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Hi all,


I've decided to give this Mobile Disco a go, did some radio work back in uni around 2 years ago, now that life has settled down a bit more i can have a go at this.


Just wondering, how do you talk to HMRC about declaring this?


Reason i'm asking im currently working for a company and paying tax via PAYE, but obviously i will be declaring this to the tax man (looking at doing max 2 per month cause of work/family commitments) so only looking at taking 4k but then obviously expenses will probably leave me with about 2k now i currently earn a certain amount so how does it work do they add this to my earnings and then tell me what tax i owe? do i need to pay via DD a set amount then adjust at the end of the year? Do i pay the higher rate cause this is a second job?


Any information is welcome.




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Welcome to the forum.


Yes, you will need to declare your new business to the Inland Revenue ASAP, they will send you a self assessment form at the end of each year for you to fill in, and its a very good idea to register on the Self Assessment website, so that you can complete and file the form online.


You can register your new business, and sign up for the online service, using the Inland Revenue website on the following link:- http://www.hmrc.gov.uk/sa/ and use the 'register new business online' link from the right hand side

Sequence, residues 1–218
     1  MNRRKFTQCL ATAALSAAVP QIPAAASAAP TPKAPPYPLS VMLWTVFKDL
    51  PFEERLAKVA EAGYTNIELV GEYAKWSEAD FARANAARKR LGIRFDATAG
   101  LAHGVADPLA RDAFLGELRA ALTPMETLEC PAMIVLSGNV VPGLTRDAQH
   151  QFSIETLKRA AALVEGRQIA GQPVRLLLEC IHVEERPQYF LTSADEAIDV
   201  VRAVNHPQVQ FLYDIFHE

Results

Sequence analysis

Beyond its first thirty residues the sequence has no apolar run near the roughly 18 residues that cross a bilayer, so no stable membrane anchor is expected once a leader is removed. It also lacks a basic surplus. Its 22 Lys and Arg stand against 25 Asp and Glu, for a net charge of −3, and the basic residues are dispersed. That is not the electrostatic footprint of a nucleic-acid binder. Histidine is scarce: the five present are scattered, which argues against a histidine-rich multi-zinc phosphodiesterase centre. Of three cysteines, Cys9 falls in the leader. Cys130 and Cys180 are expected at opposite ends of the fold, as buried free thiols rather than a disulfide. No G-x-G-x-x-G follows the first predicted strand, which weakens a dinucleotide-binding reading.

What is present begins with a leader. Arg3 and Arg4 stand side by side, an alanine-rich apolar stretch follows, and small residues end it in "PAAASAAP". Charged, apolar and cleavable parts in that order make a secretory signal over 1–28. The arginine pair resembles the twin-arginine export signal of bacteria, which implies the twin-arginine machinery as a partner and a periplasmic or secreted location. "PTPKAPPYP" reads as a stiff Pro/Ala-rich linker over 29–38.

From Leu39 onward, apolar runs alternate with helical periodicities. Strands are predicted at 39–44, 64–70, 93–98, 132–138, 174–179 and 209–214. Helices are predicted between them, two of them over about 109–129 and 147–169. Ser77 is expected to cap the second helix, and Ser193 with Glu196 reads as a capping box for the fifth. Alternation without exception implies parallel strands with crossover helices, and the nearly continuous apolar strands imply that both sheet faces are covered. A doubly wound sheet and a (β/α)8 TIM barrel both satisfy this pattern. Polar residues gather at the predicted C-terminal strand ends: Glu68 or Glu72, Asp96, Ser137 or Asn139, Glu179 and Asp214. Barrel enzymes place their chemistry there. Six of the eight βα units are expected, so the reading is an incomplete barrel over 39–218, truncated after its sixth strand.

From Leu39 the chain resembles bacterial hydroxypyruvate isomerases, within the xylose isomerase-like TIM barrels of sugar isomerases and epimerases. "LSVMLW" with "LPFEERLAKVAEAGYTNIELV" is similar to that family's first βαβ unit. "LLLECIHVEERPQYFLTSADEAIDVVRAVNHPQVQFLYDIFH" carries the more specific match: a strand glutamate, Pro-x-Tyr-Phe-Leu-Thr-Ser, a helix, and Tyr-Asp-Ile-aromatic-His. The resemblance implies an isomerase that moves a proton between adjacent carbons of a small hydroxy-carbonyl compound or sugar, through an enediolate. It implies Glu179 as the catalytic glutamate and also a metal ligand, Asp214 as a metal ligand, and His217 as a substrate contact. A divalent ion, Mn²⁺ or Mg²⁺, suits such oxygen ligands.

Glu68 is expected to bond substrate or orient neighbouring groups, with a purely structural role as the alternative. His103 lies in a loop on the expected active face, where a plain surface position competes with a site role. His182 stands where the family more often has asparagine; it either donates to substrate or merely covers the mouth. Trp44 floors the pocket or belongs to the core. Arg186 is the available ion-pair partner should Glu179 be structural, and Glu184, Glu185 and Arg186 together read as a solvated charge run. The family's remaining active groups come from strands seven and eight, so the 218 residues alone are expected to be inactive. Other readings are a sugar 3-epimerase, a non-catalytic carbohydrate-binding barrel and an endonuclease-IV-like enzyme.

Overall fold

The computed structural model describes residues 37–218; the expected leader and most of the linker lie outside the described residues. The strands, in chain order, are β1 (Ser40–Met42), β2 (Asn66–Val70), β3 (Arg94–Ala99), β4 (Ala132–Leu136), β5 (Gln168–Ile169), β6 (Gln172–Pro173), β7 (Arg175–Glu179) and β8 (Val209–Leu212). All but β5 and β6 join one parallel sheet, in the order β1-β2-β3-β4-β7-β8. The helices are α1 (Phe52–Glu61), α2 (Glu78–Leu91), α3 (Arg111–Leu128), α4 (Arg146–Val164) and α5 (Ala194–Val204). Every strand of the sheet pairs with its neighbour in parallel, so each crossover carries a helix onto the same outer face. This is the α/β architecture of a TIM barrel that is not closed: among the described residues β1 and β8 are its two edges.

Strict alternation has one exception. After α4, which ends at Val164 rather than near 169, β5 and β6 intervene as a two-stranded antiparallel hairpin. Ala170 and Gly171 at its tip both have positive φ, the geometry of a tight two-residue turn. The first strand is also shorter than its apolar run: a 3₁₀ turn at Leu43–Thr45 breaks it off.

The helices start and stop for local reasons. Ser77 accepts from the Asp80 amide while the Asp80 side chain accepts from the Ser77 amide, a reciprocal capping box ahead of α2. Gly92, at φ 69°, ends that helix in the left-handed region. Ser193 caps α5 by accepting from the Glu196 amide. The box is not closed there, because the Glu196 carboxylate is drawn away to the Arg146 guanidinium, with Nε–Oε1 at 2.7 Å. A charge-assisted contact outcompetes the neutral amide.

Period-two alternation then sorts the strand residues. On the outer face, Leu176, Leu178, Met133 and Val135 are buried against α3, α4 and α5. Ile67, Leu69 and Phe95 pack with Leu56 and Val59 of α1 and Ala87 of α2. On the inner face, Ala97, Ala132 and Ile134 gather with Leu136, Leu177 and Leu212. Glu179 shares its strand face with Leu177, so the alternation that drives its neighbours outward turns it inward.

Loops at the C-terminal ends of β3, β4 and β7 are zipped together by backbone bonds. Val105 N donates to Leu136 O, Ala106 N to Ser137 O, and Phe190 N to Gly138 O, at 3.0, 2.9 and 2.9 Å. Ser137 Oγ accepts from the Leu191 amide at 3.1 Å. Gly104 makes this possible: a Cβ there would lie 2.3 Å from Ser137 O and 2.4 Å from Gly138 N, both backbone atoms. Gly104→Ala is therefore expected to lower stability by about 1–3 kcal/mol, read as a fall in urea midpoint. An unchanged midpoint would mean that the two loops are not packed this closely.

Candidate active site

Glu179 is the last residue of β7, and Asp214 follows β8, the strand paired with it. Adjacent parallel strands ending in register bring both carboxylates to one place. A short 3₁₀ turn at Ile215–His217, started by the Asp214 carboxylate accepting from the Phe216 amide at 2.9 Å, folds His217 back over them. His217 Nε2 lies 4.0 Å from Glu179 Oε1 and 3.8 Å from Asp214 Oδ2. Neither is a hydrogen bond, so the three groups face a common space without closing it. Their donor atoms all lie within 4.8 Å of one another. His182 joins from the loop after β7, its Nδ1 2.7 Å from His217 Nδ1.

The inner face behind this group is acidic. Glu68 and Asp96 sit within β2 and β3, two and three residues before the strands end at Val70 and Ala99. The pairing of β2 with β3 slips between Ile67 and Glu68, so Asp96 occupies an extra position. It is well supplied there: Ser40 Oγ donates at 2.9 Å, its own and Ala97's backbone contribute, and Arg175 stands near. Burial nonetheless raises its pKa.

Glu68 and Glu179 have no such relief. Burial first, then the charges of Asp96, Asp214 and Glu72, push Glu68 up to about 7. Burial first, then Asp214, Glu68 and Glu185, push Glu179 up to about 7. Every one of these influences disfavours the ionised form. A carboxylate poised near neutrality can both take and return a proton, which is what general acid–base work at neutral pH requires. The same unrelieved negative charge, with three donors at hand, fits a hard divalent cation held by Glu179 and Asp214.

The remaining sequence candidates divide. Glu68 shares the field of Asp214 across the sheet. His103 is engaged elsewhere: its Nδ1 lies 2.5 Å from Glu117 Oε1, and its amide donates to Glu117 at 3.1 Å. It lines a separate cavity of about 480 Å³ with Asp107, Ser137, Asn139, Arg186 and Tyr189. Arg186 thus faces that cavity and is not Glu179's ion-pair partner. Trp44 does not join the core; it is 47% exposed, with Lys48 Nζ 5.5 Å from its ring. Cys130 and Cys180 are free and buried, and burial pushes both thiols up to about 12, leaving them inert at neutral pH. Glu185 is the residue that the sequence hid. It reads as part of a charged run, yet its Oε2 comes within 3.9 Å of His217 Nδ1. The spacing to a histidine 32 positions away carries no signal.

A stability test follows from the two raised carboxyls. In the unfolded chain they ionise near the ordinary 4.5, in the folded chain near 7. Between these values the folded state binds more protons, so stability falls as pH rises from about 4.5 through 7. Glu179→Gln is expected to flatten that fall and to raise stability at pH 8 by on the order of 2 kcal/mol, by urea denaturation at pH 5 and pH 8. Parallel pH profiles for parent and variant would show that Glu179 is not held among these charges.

Unfortunately, if your income from your day job, takes you over the personal allowance (currently £8105 for 2012/13) where tax becomes payable, then you will pay tax on every single penny that you earn as profit from the DJ'ing, even if its only £1 profit a year!. You don't get a second personal allowance to use for your self employment.


If the combined income from your day job and the Disco goes over £34,370 per year, then you will become a higher rate tax payer at 40%, however if your combined income is less than that figure then you will pay a tax rate of 20%, so technically for every £100 profit that you earn, £20 should be put aside for your tax liabilities at the end of the year. Don't be like a lot of self employed people and spend money along the way like Elton John, only to get a big shock at the end of the year when the tax demand is due!, and the account has been drained. Better to budget the 20% as you go along, putting it aside from every gig (after expenses obviously).


You pay tax at the end of each year, generally on Jan 31st when the Self Assessment form is due to be in, if you have registered to submit your self assessment form online, then you can also opt to pay any tax due online also, by using a debit or credit card. If your tax liability is a large amount they may contact you six month later asking you to pay a further lump sum on 'account' for the following year, however if this does happen, then you can appeal this if you feel that the business isn't doing well, or your tax liability is likely to be less than the previous year. At the moment, you won't be paying anything on a new business, until you submit the self assessment form at the end of the year, but you should begin to keep accurate records (accounts) of everything you buy and every payment you take in relation to running / starting the business.


Because tax payments are made in lump payments every year (which can be large if your business does well), this is why its a good idea to budget as you go along, putting money aside every month for the tax payments before they become due. A lot of self employed people see £100 left in their hand after their expenses are paid, as being £100 to spend how they like, but it isn't because £20 of that already belongs to the tax man!.


Being self employed also means that you are likely to pay additional Class 2 National Insurance contributions @ £2.65 per week. Normally this is taken by direct debit every month